I had planned a full dayer at the wash, heading back to Freiston again rather than the more popular Frampton. What a good decision that was. The reservoir was the first place to check again, it was nowhere near high tide and only a few waders were on it compared to the other evening; 2 wood sands and a curlew sand, several common sands etc. Then I noticed it!…. it was the marsh sand! A lovely little wader, with a very quick feeding action. I managed a record shot on the phone, through the scope. I only had it for about ten minutes, after taking the initial photo I observed the delicate wader through bins and scope. My plan was to take more pics but I have lost count of the number of times I’ve been pre-occupied with getting photos of a bird, only to look back and think ‘hold on a minute, I havn’t really watched that bird at all. Anyway it flew off after a while and, as far as I can tell hasn’t been again since. I felt really lucky, but then I was the only one there.

Later, a trek to the Witham mouth, where lots of curlews and whimbrels gathered. Surprisingly few waders really, just after high tide. About 150 sandwich terns fished and rested on the rocks along with a red-breasted merganser. A couple of green sands were on the shooters pool. Taking the sea wall route back, all the remaining puddles and ditches were checked incase the marsh sand was there, no luck but an early whinchat was feeding from along one of the fence lines.

Two new birds for my Lincolshire list, only my second sighting of both of them in the UK.



After being in the doldrums for a while, Marston has picked up a bit of late. A few waders have made things interesting, though the scrape just will not drop sufficiently to draw birds in. The level falls a bit during hot weather but the moment it rains, fills up again. There have been up to five green sandpipers. On the surrounding fields maxima of 18 curlew and 50 lapwings can be seen. The oystercatchers have one surviving chick which is doing well.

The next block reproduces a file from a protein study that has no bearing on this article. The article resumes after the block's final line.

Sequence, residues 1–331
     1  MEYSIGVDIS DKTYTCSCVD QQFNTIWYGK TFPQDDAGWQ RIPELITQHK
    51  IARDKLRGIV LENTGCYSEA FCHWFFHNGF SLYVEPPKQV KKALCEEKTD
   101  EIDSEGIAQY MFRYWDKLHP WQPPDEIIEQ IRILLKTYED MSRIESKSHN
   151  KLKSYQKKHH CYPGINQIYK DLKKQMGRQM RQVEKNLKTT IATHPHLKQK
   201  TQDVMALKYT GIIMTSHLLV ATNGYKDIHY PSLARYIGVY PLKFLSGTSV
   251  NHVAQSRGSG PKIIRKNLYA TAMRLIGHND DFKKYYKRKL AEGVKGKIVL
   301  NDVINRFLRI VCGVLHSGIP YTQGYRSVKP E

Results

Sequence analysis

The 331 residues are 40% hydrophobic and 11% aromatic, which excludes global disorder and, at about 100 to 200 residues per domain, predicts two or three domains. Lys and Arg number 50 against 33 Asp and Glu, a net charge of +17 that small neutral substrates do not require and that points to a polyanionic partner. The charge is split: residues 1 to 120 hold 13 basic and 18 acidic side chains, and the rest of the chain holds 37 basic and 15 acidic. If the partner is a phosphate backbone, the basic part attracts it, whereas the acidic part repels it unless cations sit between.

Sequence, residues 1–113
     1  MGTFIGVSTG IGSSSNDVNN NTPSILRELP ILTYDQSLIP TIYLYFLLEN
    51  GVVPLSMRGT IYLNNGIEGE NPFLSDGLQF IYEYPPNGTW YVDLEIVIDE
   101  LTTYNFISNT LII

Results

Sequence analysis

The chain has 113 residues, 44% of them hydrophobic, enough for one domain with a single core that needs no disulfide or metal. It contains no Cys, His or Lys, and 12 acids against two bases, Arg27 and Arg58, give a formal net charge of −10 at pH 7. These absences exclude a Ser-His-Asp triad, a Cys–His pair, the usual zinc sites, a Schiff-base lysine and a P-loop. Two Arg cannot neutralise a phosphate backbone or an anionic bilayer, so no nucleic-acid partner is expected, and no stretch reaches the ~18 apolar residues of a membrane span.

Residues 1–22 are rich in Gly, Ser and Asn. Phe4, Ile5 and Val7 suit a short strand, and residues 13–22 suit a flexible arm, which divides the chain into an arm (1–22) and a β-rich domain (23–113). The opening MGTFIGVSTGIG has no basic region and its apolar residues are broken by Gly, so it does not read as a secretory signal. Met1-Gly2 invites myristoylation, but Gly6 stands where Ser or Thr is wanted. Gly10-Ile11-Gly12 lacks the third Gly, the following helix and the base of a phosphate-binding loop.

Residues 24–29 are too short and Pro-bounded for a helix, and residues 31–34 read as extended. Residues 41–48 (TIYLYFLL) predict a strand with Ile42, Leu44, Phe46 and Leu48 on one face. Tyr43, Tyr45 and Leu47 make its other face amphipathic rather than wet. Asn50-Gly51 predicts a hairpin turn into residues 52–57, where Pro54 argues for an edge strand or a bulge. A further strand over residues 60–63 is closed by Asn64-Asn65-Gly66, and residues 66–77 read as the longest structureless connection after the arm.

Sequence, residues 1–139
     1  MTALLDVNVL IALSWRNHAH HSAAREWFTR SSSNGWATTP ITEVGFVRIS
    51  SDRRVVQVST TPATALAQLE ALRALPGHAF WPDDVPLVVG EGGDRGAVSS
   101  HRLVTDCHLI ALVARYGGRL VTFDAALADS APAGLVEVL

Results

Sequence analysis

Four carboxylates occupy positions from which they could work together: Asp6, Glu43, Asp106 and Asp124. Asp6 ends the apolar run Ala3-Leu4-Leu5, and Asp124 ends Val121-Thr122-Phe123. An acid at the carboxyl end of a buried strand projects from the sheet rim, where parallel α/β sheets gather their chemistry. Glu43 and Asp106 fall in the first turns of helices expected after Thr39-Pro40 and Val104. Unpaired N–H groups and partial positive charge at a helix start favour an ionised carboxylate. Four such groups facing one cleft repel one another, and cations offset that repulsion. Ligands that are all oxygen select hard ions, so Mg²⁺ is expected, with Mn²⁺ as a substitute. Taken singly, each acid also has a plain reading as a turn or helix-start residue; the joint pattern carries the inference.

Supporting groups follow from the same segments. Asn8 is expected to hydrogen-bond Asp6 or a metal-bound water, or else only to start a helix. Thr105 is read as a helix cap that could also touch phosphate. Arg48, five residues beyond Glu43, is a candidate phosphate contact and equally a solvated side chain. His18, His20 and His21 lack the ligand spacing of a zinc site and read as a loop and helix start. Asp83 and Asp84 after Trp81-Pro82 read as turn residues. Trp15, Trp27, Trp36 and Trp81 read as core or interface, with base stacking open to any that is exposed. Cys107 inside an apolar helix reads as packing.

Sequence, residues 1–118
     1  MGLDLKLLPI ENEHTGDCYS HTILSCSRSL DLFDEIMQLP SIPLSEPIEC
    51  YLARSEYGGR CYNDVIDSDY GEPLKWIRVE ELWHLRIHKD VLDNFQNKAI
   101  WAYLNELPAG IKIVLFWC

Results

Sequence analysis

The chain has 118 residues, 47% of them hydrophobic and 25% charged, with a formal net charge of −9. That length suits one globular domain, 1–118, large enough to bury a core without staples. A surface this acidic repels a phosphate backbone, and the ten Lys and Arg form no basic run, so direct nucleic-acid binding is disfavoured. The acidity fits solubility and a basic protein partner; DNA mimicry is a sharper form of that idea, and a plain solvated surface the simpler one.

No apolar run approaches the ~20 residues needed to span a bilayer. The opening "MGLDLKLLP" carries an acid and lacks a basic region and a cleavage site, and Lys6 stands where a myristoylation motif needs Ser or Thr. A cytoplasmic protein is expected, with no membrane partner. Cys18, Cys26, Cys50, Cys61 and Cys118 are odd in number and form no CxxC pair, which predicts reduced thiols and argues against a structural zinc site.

Pied and yellow wagtails are around in numbers, both look to have had a good breeding season in the area with many juveniles recorded. They sometimes gather on the turf fields in the evenings, my best count being c85 pied and c50 yellows. A couple of grey partridges were the first I’ve seen for a bit.

A turtle dove came to drink from the scrape one evening, what a joy! A barn owl (or two) shows occasionally late on. Odd hobby and red kites regular. Last week the Lake Windermere ringed greylag goose PZB put in an appearance for the first time since Feb. Heaven knows where it gets to.

On the 20th I was watching a buzzard when a small falcon came into my bin’s field of view. Merlin! Wow! I watched it for a good few seconds thinking to myself ‘am I sure?, its bloody early!’, but yep,   it’s jizz, behavior and appearance left me in no doubt. It was lost to view as it went over the fields, putting up a small bird, twisting and turning. It was an all brown bird, juvenile or female.

Yesterday evening I stopped off at Barkston picnic site and walked along the river towards Syston. A field was being ploughed and lots of gulls had homed in on it. I had been expecting them in the area as lots have been seen at nearby Kilvington. They were fairly distant but four yellow-legged gulls were picked out amongst the many lesser-black backs, common and black-headeds. I had been hoping to add ylg to my Marston account for the year so headed off there. On arrival I was gobsmacked-loads of gulls were loafing on the car park field. This was a great treat, they stayed here resting and preening until it was almost dark, before heading off in the direction of Kilvington Lakes. At least nine yellow-legged gulls accompanied around 650 lesser black backs. Interestingly a couple of little egrets flew in and joined the gull flock.

Trev Lee arrived to watch the gulls and we finished with a look in the hide, it was almost dark but we could see some bats flying. They were quite large and appeared to be moth catching above the poplars and over the fields.